Health Savings Account Beneficiary Options

As I’ve written about many times throughout the last several years, health savings accounts are simply wonderful vehicles for not only medical expenses – but retirement planning.

When used properly they’re the only triple tax free investment account on the planet if used for qualified medical expenses. At worst if used wisely they’re similar to a regular IRA for retirement planning and savings.

But what if you die with a health savings account? What are the health savings account beneficiary options?

 

Health Savings Account Beneficiary Options – Different Than IRA’s

  • Spouse Beneficiary of an HSA

    • If an HSA owner is married and their spouse is the HSA beneficiary, the surviving spouse is automatically the beneficiary of the health savings account after the owner dies.
    • They can maintain the HSA as if it were their own, using it for qualified medical expenses or even retirement funding after age 65 only paying normal income tax (a 20% penalty applies for withdrawals prior to age 65).
  • Non-Spouse Beneficiary of an HSA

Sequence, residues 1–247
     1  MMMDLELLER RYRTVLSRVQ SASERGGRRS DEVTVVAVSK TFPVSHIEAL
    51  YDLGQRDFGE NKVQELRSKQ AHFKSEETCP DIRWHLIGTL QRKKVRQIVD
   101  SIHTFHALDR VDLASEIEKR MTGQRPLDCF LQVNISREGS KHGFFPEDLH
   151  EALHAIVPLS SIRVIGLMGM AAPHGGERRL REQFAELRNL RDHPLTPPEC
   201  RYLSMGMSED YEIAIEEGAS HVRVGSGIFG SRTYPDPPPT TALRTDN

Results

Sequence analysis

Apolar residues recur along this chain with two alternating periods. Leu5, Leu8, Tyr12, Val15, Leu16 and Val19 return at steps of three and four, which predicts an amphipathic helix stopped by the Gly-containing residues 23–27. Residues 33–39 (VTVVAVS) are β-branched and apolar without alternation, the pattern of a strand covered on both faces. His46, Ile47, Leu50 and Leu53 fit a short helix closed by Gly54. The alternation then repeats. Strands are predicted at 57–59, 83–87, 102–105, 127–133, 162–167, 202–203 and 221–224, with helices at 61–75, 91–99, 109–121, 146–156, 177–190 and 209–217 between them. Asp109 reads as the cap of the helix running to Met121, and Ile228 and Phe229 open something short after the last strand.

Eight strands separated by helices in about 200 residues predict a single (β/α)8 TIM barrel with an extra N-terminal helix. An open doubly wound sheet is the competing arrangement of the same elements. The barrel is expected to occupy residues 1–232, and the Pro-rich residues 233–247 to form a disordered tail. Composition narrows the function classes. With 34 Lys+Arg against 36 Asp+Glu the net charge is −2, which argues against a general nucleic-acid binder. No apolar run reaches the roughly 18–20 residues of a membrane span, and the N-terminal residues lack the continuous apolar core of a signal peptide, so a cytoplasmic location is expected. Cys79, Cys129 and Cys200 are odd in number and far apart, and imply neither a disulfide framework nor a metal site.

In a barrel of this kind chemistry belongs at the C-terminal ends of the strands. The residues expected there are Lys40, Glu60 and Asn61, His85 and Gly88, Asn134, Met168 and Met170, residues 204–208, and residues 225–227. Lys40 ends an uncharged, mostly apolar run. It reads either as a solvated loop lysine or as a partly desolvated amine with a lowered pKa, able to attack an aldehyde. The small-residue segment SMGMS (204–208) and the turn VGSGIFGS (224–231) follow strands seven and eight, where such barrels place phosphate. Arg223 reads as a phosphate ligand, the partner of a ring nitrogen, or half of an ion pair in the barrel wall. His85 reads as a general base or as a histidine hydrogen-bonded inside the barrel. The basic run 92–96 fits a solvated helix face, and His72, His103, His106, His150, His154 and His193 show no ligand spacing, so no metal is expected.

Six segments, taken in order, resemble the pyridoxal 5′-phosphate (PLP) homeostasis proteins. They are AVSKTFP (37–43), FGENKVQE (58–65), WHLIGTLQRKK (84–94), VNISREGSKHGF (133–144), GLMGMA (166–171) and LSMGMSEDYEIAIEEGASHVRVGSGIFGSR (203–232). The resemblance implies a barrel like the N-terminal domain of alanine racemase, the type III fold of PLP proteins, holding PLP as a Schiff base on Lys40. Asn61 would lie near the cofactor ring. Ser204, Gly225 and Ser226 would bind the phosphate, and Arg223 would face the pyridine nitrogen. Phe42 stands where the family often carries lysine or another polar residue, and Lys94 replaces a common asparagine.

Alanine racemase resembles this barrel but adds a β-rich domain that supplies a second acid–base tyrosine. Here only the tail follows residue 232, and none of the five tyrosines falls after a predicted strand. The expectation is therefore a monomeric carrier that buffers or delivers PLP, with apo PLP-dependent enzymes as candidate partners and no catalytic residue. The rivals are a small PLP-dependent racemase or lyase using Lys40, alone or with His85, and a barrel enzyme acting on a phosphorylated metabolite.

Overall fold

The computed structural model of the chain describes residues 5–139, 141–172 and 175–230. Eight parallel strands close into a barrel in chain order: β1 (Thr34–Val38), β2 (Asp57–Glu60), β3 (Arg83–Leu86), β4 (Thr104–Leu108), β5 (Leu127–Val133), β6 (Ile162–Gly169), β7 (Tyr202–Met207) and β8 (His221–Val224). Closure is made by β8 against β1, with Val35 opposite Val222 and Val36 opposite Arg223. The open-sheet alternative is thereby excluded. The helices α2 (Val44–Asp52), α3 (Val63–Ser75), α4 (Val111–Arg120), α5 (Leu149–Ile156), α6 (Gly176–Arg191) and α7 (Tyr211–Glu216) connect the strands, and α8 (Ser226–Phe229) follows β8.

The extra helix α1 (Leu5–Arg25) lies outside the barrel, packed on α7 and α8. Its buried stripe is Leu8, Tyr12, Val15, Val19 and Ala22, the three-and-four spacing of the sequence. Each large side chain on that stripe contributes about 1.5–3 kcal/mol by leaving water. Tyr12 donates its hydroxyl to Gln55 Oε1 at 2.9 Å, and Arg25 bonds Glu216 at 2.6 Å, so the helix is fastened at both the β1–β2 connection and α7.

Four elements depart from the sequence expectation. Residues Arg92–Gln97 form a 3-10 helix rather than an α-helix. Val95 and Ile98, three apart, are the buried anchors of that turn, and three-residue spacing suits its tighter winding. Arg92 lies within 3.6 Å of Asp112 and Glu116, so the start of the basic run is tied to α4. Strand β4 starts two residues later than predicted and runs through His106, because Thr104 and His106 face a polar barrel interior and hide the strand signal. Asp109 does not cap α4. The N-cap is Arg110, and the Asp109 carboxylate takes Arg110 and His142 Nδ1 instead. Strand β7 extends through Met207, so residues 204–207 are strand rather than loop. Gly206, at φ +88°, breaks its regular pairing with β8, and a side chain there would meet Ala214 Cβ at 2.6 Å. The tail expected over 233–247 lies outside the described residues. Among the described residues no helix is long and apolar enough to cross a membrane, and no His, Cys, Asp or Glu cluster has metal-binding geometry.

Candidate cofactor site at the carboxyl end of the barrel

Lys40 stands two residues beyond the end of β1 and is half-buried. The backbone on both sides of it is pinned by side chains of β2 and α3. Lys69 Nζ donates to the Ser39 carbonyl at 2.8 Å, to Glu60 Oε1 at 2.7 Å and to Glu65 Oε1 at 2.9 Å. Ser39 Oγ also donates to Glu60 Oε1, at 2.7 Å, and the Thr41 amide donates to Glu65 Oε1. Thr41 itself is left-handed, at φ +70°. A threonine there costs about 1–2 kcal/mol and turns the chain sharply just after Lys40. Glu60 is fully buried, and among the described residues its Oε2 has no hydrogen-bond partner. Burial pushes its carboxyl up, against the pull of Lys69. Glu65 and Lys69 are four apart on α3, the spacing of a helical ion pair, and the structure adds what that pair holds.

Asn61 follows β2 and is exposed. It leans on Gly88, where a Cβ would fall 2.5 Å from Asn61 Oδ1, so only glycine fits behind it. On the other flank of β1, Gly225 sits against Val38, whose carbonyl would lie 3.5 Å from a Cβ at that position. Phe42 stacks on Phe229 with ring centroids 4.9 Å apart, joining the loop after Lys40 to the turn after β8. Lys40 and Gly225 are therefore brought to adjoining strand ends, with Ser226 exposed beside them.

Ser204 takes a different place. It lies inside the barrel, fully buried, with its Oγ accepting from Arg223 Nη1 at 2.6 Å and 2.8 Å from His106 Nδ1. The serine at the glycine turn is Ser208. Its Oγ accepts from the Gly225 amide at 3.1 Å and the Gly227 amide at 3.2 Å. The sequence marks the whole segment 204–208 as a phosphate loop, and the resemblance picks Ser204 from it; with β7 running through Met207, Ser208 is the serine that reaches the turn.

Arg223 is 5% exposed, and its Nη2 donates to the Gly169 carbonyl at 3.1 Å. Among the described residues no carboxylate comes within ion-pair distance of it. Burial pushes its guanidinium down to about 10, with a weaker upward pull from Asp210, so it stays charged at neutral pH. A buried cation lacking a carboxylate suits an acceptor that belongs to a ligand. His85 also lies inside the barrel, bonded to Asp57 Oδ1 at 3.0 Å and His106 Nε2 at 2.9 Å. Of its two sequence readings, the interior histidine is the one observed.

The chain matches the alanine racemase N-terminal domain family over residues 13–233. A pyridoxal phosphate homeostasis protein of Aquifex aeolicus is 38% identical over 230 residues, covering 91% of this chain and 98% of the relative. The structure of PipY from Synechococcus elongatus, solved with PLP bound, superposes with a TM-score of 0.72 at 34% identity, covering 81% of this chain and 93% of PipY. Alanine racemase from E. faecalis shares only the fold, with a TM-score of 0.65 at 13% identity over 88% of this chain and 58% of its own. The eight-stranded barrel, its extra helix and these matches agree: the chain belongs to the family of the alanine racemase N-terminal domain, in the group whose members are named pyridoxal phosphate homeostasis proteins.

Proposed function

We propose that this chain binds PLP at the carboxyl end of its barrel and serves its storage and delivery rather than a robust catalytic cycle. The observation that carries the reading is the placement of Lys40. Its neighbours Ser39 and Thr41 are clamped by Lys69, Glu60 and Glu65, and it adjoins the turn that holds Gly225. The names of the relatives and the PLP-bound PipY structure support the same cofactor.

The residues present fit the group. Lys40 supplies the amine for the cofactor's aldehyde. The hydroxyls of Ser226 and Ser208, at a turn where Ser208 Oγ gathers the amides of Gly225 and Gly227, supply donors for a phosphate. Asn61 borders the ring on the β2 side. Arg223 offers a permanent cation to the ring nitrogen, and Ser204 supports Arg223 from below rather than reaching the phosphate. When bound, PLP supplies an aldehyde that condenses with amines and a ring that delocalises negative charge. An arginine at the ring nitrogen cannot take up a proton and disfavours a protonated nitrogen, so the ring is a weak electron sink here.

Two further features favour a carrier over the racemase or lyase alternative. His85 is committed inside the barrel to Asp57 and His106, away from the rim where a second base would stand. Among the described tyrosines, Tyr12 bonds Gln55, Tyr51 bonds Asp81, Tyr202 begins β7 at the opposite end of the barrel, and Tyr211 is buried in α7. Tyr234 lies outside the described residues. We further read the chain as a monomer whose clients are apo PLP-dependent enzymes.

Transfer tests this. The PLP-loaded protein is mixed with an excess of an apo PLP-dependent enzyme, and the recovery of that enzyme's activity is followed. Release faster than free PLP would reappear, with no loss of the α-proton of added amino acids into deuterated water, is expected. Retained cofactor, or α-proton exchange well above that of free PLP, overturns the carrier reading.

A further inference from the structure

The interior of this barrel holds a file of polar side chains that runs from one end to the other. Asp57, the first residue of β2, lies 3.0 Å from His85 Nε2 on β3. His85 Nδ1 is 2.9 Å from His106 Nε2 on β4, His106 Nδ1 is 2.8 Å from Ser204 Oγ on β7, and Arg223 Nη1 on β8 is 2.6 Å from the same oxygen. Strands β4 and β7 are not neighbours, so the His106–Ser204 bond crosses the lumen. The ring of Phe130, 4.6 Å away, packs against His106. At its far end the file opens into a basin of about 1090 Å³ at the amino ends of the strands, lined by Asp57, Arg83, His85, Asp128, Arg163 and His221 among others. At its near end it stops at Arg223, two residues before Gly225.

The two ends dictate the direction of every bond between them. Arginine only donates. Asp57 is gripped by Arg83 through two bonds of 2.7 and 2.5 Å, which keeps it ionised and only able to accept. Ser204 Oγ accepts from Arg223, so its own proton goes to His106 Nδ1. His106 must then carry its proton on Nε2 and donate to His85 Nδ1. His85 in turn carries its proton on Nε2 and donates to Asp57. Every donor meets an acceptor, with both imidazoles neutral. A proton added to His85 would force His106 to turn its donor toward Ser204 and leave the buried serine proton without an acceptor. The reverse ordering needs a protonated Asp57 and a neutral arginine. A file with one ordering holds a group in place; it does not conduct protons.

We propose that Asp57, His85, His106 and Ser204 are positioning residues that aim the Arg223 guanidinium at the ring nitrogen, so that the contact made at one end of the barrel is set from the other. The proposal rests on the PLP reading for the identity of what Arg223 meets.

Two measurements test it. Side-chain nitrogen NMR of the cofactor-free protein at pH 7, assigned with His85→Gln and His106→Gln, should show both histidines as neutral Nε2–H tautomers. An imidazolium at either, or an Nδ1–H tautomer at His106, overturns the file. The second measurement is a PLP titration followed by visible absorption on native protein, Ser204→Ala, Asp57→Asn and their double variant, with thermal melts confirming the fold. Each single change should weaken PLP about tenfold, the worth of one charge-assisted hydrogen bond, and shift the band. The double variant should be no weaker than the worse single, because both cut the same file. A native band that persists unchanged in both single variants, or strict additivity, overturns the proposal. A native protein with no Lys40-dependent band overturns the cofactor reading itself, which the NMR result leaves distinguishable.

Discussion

• In the event of a non-spouse beneficiary of a health savings account, the HSA must cease to be treated as an HSA as of the date of the owners death.
    • The health savings account fair market value as of the owners date of death must be distributed and is taxable to the beneficiary whether it’s a person or the decedents estate (there is no 20% penalty however).
    • The taxable amount of the HSA will be reduced by any qualified medical expenses incurred by the decedent prior to their death.
    • Should the HSA grow in value post-death, the growth will be taxable to the non-spouse beneficiary as if it became a taxable investment account.

 

If the health savings account beneficiary is the decedent’s estate the value of the HSA is included on the owner’s final income tax return. The amount which exceeds the decedent’s qualified medical expenses will be taxable.

 

Not a good deal for HSA spousal beneficiaries

You may have noticed one major difference between spousal HSA beneficiaries and non-spousal beneficiaries, and it’s not favorable to the surviving spouse! A non-spousal beneficiary has the option to distribute the health savings account and AVOIDS the 20% penalty, only paying income tax on the distribution. This is similar to a regular IRA.

The spousal HSA beneficiary doesn’t have the option of closing the decedent’s HSA and treating it as a death distribution. In this regard, the spousal beneficiary is at a disadvantage, because if they withdraw funds for OTHER than qualified medical expenses prior to age 65 they’ll pay a 20% penalty. Presumably the way this rule was written was to strongly encourage surviving spouses to keep the health savings account in tact for future retirement and medical expenses.